By means of appropriate addressing and op codes it is possible to poll part of a fleet, whilst allowing the remainder of the fleet to operate in random access modes.
For the case of a multisite system in which a signalling channel is operated sequentially round the sites, a mobile may receive Aloha invitations from more than one site. In the DFM and HM modes, a mobile should ensure that it does not make more than one random access transmission in any one frame. Therefore, having made an unsuccessful random access request in a frame, the mobile should ignore Aloha invitations received from other sites which designate frames which overlap this frame. This can be achieved, for example, if the mobile counts slots to the end of the frame.
If it is decided to incorporate into the protocol the facility to use a non-framed mode, such as "Pure Aloha" then this can be done by providing a suitable value for the op-code 33 (FIG. 2A), say a value 3.
When implementing the present invention it is optional if all four of the operating modes are used. If desired fewer modes may be used and the op-code and parameter value are altered as appropriate.
1. A method by which a plurality of substations in a multiple access communications system may access a base station by transmitting requests for access to the base station in time frames signified by an Aloha invitation message transmitted by the base station to the substations, such method comprising:
- selection by the base station of any of a plurality of modes of operation of said system during each time frame, such selection being determined in accordance with prevailing traffic conditions in the system;
- one of said modes being a dynamic frame-length mode in which there is a predetermined maximum number of time slots in each frame, and each substation transmits a request in only one time slot in any frame;
- another of said modes being a hybrid mode in which the base station forms subsets of the population of substations and assigns respective dynamic frame-length modes to respective ones of said subsets;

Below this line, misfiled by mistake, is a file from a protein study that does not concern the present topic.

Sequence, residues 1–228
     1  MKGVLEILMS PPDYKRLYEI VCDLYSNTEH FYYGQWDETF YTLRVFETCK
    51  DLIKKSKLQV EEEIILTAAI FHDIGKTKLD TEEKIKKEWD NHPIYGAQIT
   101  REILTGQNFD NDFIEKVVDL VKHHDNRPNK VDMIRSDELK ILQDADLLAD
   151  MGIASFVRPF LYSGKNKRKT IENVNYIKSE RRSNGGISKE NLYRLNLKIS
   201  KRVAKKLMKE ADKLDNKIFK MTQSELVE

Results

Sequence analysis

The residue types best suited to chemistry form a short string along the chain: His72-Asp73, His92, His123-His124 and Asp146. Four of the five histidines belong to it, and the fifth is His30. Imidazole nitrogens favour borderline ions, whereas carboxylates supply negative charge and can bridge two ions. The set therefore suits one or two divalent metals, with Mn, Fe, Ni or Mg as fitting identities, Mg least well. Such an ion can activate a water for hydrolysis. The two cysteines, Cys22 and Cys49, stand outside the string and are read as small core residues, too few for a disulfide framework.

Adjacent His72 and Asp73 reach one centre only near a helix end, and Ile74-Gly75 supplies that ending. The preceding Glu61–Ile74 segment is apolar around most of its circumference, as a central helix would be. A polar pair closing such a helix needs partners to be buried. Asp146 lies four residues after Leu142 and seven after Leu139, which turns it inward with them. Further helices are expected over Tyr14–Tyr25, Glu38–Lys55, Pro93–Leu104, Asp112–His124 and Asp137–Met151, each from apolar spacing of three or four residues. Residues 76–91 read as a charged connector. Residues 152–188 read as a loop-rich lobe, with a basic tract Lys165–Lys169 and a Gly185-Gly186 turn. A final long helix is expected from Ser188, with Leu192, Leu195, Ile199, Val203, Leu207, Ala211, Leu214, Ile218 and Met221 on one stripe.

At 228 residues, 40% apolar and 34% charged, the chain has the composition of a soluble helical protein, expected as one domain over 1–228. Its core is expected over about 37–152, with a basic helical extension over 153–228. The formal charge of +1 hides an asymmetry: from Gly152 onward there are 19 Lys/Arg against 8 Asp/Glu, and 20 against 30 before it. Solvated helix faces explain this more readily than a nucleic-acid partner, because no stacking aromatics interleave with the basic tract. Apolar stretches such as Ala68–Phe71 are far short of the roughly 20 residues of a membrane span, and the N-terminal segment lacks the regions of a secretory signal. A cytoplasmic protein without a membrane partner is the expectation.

- and transmission by the base Station in the Aloha invitation message of an operating code signifying the selected mode of operation during each frame.
2. A method as claimed in claim 1, wherein the base station further transmits in said Aloha message parameters which determine the dynamic operation of said substations for the selected operating mode.
3. A method as claimed in claim 1, wherein another of said modes is a fixed frame-length mode in which there is a number of time slots in each frame.
4. A method as claimed in claim 3, wherein the base station further transmits in each Aloha message a substation address code and a code signifying the number of least significant bits in such address code which each substation compares with its address in order to determine whether it may respond to the Aloha message.
5. A method as claimed in claim 4, wherein an addressed substation responds to the Aloha message in the time slot immediately following such message if such time slot is within the same time frame.
6. A method as claimed in claim 1, wherein another of said operating modes is a polling mode in which the substations access the system in response to polling messages transmitted by the base station.
7. A method as claimed in claim 6, wherein the polling message to any substation which is polled includes an acknowledgement of a response received by the base station from a previously polled substation.
8. A method as claimed in claim 1, wherein one of said operating modes is a light traffic mode in which the base station operates on a low duty cycle and the substations retransmit a request for access in the same time frame if a previous request is mutilated in transmission.
Filed: Aug 26, 1985
Date of Patent: Jun 9, 1987
Assignee: U.S. Philips Corporation (New York, NY)
Inventors: Diana M. Ball (Farnham), Peter J. Mabey (Cambridge), Paul J. Stein (Crawley)
Primary Examiner: Douglas W. Olms
Assistant Examiner: M. Huseman
Attorneys: Thomas A. Briody, Jack Oisher, William J. Streeter
Application Number: 6/769,282
International Classification: H04J 324;